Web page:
When I gm games, I try to make villians fight as dictated by their personalities. Sadistic villains hit people when they are down, vengeful types attack whoever hurt them the most, cowards pick on weaklings, overconfident types attack the most impressive target and ignore everybody else, real crazies pick their targets at random. I don't pull any punches and I let the dice fall where they may, but at the same time, I never use a problem without a solution or an unstoppable foe. Let the players form their own tactics, and use teamwork, ingenuity, and their own strengths, instead of learning to rely on GM mercy to make sure their weaknesses and disadvantages never come up, weaknesses they chose to have in exchange for strength and power in another area.

 

Sorry if that came off a little preachy. I'm just saying, characters have strengths and weaknesses. If a player doesn't like his character's weaknesses, then maybe he shouldn't built the character that way. If its not genre appropriate for this type of character to get knocked around, but the mechanics and the way he's built say he will be, then build him differently to properly emulate the genre.

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Re: How do you keep your dark knights from going "squish"?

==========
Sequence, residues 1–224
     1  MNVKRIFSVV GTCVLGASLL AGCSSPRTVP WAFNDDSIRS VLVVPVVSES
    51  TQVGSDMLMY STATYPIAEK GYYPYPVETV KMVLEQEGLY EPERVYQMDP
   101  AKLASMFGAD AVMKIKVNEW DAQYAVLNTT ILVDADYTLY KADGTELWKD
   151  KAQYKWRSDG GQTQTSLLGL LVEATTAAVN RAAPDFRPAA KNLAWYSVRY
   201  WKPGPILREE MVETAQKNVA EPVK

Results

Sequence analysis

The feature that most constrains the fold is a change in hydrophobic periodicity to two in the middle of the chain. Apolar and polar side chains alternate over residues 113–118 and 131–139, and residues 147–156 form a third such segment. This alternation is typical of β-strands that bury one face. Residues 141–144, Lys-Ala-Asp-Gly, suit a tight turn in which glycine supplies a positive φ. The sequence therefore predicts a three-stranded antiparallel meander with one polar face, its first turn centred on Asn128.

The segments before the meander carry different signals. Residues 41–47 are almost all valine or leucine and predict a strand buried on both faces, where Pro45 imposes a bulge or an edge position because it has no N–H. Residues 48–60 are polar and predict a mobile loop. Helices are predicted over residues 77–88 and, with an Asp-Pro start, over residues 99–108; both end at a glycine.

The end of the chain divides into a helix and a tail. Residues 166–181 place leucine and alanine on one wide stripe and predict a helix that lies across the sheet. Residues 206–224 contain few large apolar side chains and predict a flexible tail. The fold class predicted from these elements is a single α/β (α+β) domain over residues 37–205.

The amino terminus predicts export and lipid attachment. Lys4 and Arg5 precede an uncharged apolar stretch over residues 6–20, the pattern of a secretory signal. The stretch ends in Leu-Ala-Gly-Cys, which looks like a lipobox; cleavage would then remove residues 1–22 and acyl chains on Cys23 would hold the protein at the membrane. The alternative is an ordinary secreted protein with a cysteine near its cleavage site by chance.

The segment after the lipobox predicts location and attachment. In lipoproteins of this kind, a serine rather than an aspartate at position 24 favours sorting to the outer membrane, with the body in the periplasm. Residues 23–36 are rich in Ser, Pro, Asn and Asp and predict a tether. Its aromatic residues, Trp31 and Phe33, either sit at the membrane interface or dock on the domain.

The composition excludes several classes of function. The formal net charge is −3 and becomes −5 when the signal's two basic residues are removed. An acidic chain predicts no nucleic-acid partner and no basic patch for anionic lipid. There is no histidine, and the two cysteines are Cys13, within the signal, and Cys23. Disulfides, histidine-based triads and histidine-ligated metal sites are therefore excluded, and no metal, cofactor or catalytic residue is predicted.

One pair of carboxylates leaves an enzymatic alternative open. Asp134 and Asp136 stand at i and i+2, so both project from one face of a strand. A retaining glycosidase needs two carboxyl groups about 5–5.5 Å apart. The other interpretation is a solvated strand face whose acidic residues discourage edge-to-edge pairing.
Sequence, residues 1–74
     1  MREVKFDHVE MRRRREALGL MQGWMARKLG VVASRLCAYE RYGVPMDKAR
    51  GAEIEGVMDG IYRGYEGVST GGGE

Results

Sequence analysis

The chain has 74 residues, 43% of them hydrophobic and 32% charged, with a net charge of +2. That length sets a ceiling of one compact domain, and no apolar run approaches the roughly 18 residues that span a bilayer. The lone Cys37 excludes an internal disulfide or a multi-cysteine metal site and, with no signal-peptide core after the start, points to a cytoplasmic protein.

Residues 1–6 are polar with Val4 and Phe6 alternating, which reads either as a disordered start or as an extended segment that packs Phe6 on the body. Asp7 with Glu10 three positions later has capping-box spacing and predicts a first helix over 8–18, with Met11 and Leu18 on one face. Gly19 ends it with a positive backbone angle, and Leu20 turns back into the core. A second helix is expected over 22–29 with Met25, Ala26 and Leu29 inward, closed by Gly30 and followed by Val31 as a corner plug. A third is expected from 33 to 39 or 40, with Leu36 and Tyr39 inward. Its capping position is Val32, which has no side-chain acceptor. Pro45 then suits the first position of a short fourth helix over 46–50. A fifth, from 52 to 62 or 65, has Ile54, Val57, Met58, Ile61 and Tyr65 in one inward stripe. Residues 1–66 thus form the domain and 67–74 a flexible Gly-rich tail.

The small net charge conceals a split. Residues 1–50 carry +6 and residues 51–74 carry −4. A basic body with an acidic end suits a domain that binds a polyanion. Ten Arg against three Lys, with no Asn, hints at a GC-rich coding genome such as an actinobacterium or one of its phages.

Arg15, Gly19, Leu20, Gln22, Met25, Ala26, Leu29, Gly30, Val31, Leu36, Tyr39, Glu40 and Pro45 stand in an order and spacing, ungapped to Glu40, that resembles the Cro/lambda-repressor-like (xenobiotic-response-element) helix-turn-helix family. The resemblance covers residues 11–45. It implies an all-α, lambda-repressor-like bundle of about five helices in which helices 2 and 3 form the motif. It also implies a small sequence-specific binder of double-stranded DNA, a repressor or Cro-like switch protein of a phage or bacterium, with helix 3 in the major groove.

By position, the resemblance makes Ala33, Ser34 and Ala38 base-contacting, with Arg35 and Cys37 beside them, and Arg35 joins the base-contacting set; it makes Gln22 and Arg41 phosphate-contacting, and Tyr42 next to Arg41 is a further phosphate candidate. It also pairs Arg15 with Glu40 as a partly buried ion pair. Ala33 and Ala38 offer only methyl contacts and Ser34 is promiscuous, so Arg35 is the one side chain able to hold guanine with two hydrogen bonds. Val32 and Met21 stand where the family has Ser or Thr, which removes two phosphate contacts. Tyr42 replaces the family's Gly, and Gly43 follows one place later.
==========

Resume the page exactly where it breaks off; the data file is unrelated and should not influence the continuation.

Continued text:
Hero has several manuevars to choose from when you absolutely, positively need to not be hit. When in doubt, dive for cover. But none of these manuevars are fool proof, there's always a chance of failure, even with a luck mechanic, power, or houserule.

 

Hero has special effects divorced from mechanics, so there's no reason why a mere mortal has to have low defenses. He could have defenses with the special effect of being so lucky all his hits turn into near misses. But some players are going to insist one playing squishy characters, with low defenses, and putting those points somewhere else.

 

But if the real question is what to do when all else fails, and a player built their character squishy, and got unlucky and got hit by a big attack, then this may be harsh, but I say let them get squished.

 

Sure, its no fun to get knocked out in the opening phase and sit out the rest of the fight.

 

It's also no fun (for many of us anyway) when there's no challenge, no illusion of danger. Failure makes success taste better. Squishy characters as supposed to have to fight that much more intelligently to survive. To me, that challenge is the attraction of playing such a character. They need teamwork and decent tactics to make sure those big guns can't even find them. And with the points they save on defenses, the character should have all the skills and abilities they need to pull that off. The rest is up to the player.

 

This scenario is a bit extreme, but consider, it's also no fun to have to spend points on something the other characters get for free. "Hey everybody, I'm the brick, I bought up my defenses to somewhat above average levels." "Okay brick, your job is to stand there and take punches for us as the villian targets you exclusively for no reason. The rest of us won't buy any defenses at all and spend the points on cool stuff because we know the gm doesn't have the heart to hit us."

 

Yeah, that's example is a little silly, but it really is doing the players a diservice if you show favoritism by having the villains never pick on the little guy regardless of their motivations. If the brick wants to jump in the way and take the hits for his friends (because that really is the bricks job) then let him. But don't make it automatic.